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Printed from https://www.Writing.Com/view/1208784
Rated: E · Non-fiction · Biographical · #1208784
Things always seem to happen when you least expect them...
         In late December, 1970, Linda and I found ourselves among the group of people that were looking for a Christmas tree at the last minute. Literally. So, naturally, it had to turn into something unexpected. In more ways than one.

         It was Christmas Eve, and we still had no tree. (This was the first year we decided we could afford one). So we climbed in the car and headed up Beechmont Avenue. Within minutes, we spotted the first place to check that still looked like they had a decent selection. But I was just a little skeptical...

         "Hey, Jim, that looks like a pretty good selection to choose from over there!"

         "Yeah, it does. But you gotta be careful of those ‘fly-by-night’ outfits. If you look closely, you'll notice that their field of operations is the old go-cart track."

         "Right. But it's our own fault for waiting till the last minute, too. Right?"

         "Right," I admitted, pulling into the lot. I parked parallel to the street, about ten feet from the curb.

         No sooner had we gotten out of the car, then these two "salesmen" approached, a few feet away.

         “There's something about these guys that's familiar," I told Linda as they got closer. Once they'd gotten close enough, I knew what it was and so did they.

         Hey, Mark! Well I'll be damn! And Scotty! What the hell are you two doing here?"

         "Selling Christmas trees. What's it look like?" Mark responded, grinning.

         "Lin, this is Mark Timmons, and Charles Scott. My wife Linda. These two clowns were in my class at Anderson."

         Even after they really found out who she was (remember “Roach”?), they didn’t change their attitude. I thought, ‘I guess even Mark was able to grow up. I wasn’t sure that was possible, back then. Not for the “Class Clown”. Gotta give him credit.”

         Scotty, on the other hand, I kind of expected to handle it. He’d always been pretty level-headed. Class vice-president and all that. Well liked and respected. And he didn’t let me down.



From our yearbook.

Mark Timmons' Senior Portrait, 1966



From our yearbook.

Charles "Scotty" Scott's Senior Portrait, 1966




Ed. Note: I apologize for the grainy appearance on the two photos above. The scanner picked up the grain in the paper



         The next two hours were happily spent in a totally unusual matchup of reminiscing and tree searching. (The tree was chosen in less than half an hour – the rest was reminiscing, as you might have guessed.)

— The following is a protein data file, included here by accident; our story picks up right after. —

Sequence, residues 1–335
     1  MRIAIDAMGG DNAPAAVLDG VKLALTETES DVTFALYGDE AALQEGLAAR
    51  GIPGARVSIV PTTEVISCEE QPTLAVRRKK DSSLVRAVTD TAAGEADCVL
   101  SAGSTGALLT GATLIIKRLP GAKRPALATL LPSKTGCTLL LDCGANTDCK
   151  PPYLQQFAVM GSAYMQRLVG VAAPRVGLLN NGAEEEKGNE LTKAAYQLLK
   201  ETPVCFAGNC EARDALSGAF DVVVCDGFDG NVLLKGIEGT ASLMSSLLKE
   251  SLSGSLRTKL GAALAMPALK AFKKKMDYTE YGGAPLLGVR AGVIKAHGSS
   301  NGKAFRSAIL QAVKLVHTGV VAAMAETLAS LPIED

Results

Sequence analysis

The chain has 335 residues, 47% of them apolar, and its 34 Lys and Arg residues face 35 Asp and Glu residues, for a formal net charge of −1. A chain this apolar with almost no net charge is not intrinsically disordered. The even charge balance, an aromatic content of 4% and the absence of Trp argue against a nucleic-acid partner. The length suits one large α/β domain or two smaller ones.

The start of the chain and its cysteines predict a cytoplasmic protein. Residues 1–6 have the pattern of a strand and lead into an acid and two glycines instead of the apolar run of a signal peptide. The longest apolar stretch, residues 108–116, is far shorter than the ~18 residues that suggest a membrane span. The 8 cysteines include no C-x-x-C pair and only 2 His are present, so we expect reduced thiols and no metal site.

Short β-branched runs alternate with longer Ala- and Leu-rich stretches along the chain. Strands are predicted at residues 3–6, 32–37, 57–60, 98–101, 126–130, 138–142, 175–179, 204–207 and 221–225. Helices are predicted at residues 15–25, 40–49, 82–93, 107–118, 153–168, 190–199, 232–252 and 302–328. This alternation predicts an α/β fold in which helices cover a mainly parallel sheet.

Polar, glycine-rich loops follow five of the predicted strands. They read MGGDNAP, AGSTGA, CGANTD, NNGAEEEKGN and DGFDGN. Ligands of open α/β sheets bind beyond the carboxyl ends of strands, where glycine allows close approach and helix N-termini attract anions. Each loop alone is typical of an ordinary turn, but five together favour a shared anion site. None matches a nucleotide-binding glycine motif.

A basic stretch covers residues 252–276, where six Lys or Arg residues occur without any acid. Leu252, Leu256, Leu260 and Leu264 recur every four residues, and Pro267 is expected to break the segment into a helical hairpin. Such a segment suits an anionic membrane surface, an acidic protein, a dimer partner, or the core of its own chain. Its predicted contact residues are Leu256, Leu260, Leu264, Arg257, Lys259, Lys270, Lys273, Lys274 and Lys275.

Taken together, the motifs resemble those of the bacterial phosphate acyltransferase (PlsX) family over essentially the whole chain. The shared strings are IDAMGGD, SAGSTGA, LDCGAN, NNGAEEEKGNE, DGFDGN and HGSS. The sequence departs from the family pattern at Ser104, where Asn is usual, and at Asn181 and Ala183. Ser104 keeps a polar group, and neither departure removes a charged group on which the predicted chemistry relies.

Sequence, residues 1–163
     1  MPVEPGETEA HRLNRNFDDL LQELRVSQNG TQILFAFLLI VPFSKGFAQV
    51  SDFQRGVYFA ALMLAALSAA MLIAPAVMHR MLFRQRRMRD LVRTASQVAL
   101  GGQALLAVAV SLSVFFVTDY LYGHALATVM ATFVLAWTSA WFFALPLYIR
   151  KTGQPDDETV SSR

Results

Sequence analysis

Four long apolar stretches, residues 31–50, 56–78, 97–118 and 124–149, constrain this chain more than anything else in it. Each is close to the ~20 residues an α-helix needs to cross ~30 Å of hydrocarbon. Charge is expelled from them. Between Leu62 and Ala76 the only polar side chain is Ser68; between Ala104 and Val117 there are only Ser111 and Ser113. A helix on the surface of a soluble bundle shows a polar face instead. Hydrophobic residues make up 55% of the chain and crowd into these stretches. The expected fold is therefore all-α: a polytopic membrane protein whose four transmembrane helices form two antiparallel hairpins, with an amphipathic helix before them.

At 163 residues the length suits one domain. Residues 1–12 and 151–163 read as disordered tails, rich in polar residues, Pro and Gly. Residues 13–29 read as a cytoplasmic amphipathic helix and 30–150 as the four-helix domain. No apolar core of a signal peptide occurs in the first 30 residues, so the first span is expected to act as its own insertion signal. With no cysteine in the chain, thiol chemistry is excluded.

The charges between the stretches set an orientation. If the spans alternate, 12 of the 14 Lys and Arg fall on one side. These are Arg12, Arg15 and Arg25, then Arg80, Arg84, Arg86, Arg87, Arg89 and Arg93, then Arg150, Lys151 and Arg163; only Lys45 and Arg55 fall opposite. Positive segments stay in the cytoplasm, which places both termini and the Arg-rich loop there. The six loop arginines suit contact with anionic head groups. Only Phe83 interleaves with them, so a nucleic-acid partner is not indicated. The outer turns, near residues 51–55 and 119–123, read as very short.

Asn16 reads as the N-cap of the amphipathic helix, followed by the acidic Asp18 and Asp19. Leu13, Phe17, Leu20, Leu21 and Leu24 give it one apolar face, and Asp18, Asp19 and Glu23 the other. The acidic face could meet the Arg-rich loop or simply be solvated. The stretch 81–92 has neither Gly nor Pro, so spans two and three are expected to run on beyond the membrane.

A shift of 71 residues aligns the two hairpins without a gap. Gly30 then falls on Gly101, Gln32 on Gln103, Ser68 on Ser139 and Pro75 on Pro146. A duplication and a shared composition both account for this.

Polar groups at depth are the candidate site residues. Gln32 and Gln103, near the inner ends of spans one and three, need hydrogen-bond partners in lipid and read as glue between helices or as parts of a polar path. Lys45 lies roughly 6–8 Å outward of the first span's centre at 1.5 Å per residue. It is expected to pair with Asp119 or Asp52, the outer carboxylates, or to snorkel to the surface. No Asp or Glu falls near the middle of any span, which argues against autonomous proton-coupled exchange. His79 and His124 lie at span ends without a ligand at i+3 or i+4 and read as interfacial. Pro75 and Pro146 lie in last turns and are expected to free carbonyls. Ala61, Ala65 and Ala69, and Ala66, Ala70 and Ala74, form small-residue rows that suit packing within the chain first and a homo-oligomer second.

When they decided, at 10:00 P.M., to “close up shop”, we all walked back to our cars. After the good-byes, and usual promises to keep in touch, and to make our 5-year reunion next year, they headed for Mark’s car. Since we’d loaded the tree in the trunk when we picked it out, all we had to do was get in and drive away. So, I started the engine, put it in gear, and let out the clutch. Nothing. No, I wasn’t in neutral. But I was without a clutch.

         I hailed Mark and Scotty before they could leave. True friends. We pushed the thing into the old go-kart maintenance shed and Mark got underneath. A few minutes later, he had me try shifting and taking the clutch in and out. No luck. He came out from beneath the car. I thought aloud, to Linda, as I climbed from the driver’s seat, “Somebody up There likes me. This could have happened on Columbia Parkway. At midnight. Let alone at 45 miles an hour.”

         “I can’t argue that,” she smiled.

         “Hey, Mark.”

         “You need a lift home, right?”

         “You read my mind.” We all laughed.

         “No sweat. You can have the car picked up Saturday.”

         “Thanks, man.”

         Minutes later, the tree was in the back of Mark’s station wagon, and we headed out. They dropped us off at our doorstep at 12:30 a.m. Christmas Day.

         Saturday, December 26, the car was towed to the shop and a new clutch installed. "This was the first stick shift we owned, and it's going to be the last," I muttered as I drove home that afternoon. My mind flew back over the problems we'd had with that car. "Doesn't like wet weather. Diesels. Now the clutch. Not to mention the subtle problems. Like not being able to "be affectionate" with Linda when I need two hands to drive. And I'm just not sure the skimpy savings on gas mileage is worth all that! And $63.00 to boot! We are gonna start shopping around. Starting this early, maybe we can find a good deal before something else goes wrong." With that, I pulled into the driveway.

         Five days later, 1970 was history. And that car was about to be.



** Image ID #1208583 Unavailable **

Mark and Scotty at our 40th high school reunion, Sept. 29th, 2006






© Copyright 2007 Incurable Romantic (jwilliamson at Writing.Com). All rights reserved.
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Printed from https://www.Writing.Com/view/1208784